Describe the role of calcium in muscle contraction, where it is stored, and how it is released and recycled. Calcium storage, release, and recycling
Muscles need to be malleable or have plasticity in order to function correctly. This is where calcium comes into the picture. All muscles use calcium molecules for regulatory and signaling purposes. Contraction control and relaxation control by calcium is achieved first by the activation of troponin-tropomyosin with the actin filaments. The second activation is the calcium with calmodulin which activates myosin light-chain kinase that initiate the contraction of the muscle (Berchtold, Brinkmeier, & Muntener, 2000). The sarcoplasmic reticulum (SR) is where the calcium is stored, released, and recycled within the skeletal muscles. According to Rossi & Dirksen (2006), the balance of the storage, release, and recycling of the required calcium is achieved by the cooperative actions of sarcoplasmic reticulum calcium-regulatory proteins. These proteins are as follows: Calcium storage—calsequestrin and junctate which are a calcium binding proteins along with sarcalumenin (Rossi & Dirksen, 2006). Calsequestrin is stored in the cisternae. Release of calcium—sarcoplasmic reticulum release channels, RyR1 and IP3 receptors (Rossi & Dirksen, 2006). At this step, ions of calcium are released into the sarcoplasm making the muscle contract (Martini & Nath, p. 298). Calcium recycling—Sarco(endo)plasmic reticulum calcium2+ and -ATPase or SERCA pumps (Rossi & Dirksen, 2006). This step is done via the terminal cisternae in the SR. Skeletal muscle fibers pump calcium ions out of their cells via transport through the plasma membranes as many cells do. However, in skeletal muscle fibers, it is a bit different. The skeletal muscle fibers use active transport removal of calcium ions via the terminal cisternae that are in the sarcoplasmic reticulum (Martini & Nath, 2009, p. 298). References:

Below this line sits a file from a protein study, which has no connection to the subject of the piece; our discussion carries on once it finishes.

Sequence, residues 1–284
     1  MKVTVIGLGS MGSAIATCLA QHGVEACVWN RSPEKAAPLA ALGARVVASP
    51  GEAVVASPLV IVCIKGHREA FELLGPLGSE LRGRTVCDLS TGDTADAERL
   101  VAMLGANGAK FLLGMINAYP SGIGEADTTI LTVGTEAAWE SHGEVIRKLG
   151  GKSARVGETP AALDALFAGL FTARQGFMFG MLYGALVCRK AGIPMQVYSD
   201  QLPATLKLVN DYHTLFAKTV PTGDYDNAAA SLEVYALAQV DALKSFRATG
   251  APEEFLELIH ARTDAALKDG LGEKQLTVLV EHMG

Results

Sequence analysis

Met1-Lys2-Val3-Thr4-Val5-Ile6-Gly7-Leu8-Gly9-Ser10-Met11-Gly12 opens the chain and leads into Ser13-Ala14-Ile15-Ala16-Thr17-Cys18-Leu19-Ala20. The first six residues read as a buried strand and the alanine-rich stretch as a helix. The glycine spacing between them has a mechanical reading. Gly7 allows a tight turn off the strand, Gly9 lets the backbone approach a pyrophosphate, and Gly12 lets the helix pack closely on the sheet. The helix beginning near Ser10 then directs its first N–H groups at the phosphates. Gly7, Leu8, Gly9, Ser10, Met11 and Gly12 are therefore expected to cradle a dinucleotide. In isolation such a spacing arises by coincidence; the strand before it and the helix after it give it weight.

Berchtold, M.W., Brinkmeier, H., & Muntener,...
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